Every day in cities and towns big and small throughout the country, someone buys a service contract for their newly purchased vehicle. If you've ever bought a car or a truck, you know the drill. You shop around and find something you like, agree upon a price with your salesperson, and then after waiting awhile you get ushered into an office where another salesperson closes the door and has you sign a whole bunch of paperwork. It’s also this person’s job to offer you additional products to help protect your vehicle, so you’ll be likely to return to the dealership when the car requires service.
It may seem obvious, but car dealerships don’t just sell cars. They stay in business by servicing your vehicle, too. They want your continued business after they sell you your car, and honestly, who can blame them? One way they accomplish this is by selling you a service contract.
Do you really need a service contract? That’s up to you and your budget, but in all honesty, when money is tight and your vehicle breaks down, a service contract can be a financial lifesaver. Depending upon the nature of the repair, a service contract could save you hundreds or thousands of dollars. That’s money that would normally come right out of your pocket, or get charged to your credit card if you can’t afford the repair right away. If your repair is covered by the contract, all you have to do is bring the vehicle back to any licensed repair facility to have it fixed up.
The dealership is counting on you to take your vehicle back to them when it needs to be serviced or when something goes wrong. And things do go wrong, all the time, usually when you least expect it and often when you can least afford it. It’s “Murphy’s Law."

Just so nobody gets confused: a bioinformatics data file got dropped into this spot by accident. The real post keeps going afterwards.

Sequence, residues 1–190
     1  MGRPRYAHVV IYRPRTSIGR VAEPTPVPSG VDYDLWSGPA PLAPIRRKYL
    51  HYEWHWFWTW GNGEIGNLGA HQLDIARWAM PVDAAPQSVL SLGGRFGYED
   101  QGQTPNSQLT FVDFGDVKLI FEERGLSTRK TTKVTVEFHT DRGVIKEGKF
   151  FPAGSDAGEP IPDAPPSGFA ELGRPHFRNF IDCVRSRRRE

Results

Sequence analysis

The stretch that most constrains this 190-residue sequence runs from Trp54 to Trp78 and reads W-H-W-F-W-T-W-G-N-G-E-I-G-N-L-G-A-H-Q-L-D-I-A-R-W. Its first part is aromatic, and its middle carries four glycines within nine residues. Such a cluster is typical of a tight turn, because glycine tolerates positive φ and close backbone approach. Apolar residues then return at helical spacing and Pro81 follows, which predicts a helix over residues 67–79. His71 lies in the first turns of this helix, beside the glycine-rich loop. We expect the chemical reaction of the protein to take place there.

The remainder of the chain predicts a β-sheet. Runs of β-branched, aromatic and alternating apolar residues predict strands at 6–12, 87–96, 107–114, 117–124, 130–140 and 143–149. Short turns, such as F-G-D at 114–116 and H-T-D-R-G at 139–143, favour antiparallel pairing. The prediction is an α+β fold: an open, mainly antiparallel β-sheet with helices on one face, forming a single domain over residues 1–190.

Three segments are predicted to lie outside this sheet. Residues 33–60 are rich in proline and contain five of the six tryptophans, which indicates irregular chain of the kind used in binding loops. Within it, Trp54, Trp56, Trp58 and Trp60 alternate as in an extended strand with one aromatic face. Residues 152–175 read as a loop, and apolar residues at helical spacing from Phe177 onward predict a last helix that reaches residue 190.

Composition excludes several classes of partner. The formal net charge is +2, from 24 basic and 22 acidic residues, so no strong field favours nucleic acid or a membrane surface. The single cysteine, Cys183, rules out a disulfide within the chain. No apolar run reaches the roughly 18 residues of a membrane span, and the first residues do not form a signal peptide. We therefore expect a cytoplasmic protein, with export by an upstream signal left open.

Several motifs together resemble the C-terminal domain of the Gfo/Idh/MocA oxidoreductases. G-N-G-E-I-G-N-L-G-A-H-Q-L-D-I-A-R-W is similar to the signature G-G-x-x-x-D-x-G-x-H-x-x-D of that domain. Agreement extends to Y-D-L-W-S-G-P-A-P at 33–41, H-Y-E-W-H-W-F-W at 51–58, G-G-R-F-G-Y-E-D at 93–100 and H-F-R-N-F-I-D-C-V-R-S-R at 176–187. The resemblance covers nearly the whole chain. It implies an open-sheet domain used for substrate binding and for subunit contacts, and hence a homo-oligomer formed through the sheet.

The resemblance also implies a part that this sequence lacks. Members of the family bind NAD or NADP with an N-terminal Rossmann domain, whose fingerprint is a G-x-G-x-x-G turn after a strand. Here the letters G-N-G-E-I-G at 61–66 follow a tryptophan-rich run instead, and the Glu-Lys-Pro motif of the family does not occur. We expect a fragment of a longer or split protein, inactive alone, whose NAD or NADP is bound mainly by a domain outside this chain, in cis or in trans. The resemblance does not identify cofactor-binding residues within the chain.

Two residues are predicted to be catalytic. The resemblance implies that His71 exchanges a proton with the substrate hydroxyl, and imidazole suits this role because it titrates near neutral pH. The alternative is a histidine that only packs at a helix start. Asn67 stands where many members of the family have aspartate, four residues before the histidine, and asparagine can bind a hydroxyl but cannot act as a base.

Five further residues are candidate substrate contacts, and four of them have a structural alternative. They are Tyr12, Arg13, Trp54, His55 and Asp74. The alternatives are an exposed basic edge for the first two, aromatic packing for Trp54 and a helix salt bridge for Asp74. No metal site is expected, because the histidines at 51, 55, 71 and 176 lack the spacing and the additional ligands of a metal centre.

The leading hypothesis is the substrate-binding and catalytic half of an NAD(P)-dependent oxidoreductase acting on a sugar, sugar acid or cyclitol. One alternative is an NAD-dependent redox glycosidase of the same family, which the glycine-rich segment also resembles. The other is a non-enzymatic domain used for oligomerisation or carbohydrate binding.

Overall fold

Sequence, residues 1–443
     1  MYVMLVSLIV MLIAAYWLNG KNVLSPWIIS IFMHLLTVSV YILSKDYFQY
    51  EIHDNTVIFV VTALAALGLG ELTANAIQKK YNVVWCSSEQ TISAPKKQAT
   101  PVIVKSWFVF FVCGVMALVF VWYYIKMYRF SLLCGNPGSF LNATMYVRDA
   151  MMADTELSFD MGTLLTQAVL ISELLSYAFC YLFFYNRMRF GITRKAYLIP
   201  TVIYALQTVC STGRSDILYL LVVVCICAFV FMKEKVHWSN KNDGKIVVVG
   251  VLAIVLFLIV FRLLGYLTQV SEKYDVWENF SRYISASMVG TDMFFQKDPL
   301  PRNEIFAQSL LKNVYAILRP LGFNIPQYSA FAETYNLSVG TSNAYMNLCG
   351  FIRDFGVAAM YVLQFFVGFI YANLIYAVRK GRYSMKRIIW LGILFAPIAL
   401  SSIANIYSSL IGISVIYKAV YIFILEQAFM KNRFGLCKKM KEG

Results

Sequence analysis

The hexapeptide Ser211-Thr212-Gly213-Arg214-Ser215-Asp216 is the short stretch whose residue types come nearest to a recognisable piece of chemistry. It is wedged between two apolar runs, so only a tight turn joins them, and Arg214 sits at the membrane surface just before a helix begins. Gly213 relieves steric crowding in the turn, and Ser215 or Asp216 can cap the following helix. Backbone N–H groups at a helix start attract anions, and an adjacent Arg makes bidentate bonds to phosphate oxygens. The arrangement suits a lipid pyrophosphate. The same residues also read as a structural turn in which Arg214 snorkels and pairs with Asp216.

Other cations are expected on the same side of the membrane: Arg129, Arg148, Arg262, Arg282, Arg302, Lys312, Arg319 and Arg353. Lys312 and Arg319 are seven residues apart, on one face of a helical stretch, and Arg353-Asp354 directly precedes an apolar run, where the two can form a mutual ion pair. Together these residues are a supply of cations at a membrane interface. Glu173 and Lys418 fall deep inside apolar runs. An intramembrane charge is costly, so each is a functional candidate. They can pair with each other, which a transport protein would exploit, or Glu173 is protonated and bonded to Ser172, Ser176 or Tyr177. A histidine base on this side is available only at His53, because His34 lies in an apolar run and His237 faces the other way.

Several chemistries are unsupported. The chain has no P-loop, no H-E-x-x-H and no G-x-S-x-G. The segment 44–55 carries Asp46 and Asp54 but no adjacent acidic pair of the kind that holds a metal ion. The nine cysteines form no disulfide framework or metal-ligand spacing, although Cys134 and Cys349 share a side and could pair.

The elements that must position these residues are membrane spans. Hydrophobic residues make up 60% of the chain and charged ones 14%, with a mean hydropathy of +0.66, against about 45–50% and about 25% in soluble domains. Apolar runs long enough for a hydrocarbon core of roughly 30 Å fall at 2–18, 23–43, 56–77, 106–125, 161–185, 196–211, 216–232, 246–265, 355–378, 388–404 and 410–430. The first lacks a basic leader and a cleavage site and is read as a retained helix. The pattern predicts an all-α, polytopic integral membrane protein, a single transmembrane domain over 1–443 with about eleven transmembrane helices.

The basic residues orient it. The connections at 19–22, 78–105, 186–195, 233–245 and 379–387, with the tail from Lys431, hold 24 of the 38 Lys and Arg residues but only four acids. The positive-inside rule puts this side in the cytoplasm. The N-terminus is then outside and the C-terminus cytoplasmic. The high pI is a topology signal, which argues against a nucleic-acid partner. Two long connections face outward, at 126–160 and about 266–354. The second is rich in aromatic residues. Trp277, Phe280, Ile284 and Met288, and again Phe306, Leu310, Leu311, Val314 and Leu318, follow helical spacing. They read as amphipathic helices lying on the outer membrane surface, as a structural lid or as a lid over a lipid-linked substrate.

Just don’t make things worse by waiting until your vehicle breaks down to read your service contract.
Service contracts come in all shapes and sizes, and what’s covered under one contract is specifically excluded by another. In all likelihood, your dealership has a number of service contracts to choose from. Make sure that the one you choose is the one that works best for you. Is your vehicle new, or is it “pre-owned”? How many miles are on it? What’s its history? Does it have a well-earned reputation for reliability? Do you know? If you don’t know the answers to all of these questions, find out.
When the salesperson offers you a service contract, ask questions. Know what you’re buying. Read the coverage details and understand what you’re getting for your hard-earned money. The last thing your dealership wants is for you to be disappointed by your purchase, and the last thing you want is to find out only after your vehicle breaks down that your service contract doesn't cover that particular problem.
It’s very common for people to buy service contracts and assume that everything on their vehicle is covered. Unfortunately, that’s rarely true. Yes, service contracts cover a lot of components, but not everything. For example, simple maintenance items like brake pads, fluids and windshield wipers are usually not covered. Yet you’d be surprised by the number of people who believe that they are, simply because they haven’t read their contract.
A service contract is a smart investment, and can save you a ton of money during your coverage period if your vehicle suffers a breakdown and requires repair. But it’s also a smart move on your part to read your contract and know your coverage, inside and out.
You’ll be very glad you did!